RT vacancy rate falls, ASRT survey says

Could the shortage of radiologic technologists be coming to an end? There are signs that this could be the case as more workers enter the profession, according to a recent survey of the RT job market by the American Society of Radiologic Technologists (ASRT) of Albuquerque, NM.

The vacancy rate for radiographers was 7.7% in September 2004, down from a U.S. average of 10.2% in January 2003, according to the survey. The vacancy rate for other RT positions was as follows:

  • CT technologists: 5.7% in September 2004, versus 8.9% in January 2003.
  • MRI technologists: 6.9% in September 2004, versus 9.3% in January 2003.
  • Mammographers: 5.6% in September 2004, versus 7% in January 2003.
  • Nuclear medicine technologists: 6.9% in September 2004, versus 11% in January 2003.
  • Sonographers: 9.5% in September 2004, versus 12.3% in January 2003.
  • Cardiovascular interventional technologists: 10.7%, versus 16.2% in January 2003.

At the height of the RT shortage in January 2000, the American Hospital Association estimated the vacancy rate for RTs at 18%. ASRT officials noted that while the labor shortage was easing, the profession is not out of the woods yet, as many RTs will be retiring in the next 10 years. The survey was based on responses from more than 800 directors of hospital-based radiology departments.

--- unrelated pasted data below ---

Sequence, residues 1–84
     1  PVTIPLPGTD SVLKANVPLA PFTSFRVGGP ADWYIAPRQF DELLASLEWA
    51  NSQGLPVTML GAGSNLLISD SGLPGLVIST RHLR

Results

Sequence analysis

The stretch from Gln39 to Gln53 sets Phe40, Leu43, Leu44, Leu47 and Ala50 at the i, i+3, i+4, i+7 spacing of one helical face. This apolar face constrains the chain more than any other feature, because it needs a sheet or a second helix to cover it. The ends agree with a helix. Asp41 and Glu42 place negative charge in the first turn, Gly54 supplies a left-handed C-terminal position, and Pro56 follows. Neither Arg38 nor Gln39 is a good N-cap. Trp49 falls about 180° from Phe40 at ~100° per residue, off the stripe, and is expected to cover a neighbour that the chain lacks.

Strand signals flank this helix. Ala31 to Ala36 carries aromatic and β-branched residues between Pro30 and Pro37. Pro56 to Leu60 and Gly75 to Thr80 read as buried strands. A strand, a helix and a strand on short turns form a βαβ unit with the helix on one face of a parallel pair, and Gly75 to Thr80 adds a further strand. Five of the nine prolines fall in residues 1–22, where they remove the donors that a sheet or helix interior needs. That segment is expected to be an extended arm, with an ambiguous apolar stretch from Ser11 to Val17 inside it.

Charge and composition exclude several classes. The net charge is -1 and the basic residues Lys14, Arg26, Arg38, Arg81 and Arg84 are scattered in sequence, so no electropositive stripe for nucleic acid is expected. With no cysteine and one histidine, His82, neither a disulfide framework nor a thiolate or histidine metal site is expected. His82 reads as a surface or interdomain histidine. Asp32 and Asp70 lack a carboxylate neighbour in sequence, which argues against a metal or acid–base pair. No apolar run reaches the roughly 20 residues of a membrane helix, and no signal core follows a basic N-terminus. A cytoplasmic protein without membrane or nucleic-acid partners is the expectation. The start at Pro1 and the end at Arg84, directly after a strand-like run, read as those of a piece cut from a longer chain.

In a related story, the ASRT reported that students are entering educational programs in the radiological sciences at a slowing rate compared to past years. The record enrollment increases of 2002 and 2003 were not repeated in 2004, although students continue to be interested in the profession.

Some 15,700 first-year students were enrolled in radiography programs in the fall of 2004, up 6.9% from a year ago. That's a drop from the double-digit increase in 2002, when enrollment grew by 20.5%, and 2003, when first-year enrollment grew by 11.5%.

One reason for the slowing enrollment rate is that many radiological sciences programs are full, according to the ASRT. Some 30,000 qualified students were turned away this fall because programs were full, the society said.

The U.S. Bureau of Labor Statistics projects that 72,000 additional radiographers will need to be added to the work force between 2002 and 2012. Based on current data, the ASRT estimates that about 61,700 additional radiographers will be working in 2012, a shortfall of about 14% compared to the number the BLS predicts will be needed.

By AuntMinnie.com staff writers
December 2, 2004

Related Reading

RT wages show big jump, August 2, 2004

Heartland imaging pays for U.S. radiologists, May 11, 2004

RTs stage 'sickout' to highlight problems, but gain many more, May 5, 2004

Parsons to lead ASRT in 2005-2006, April 1, 2004

ASRT, Philips form education partnership, March 19, 2004

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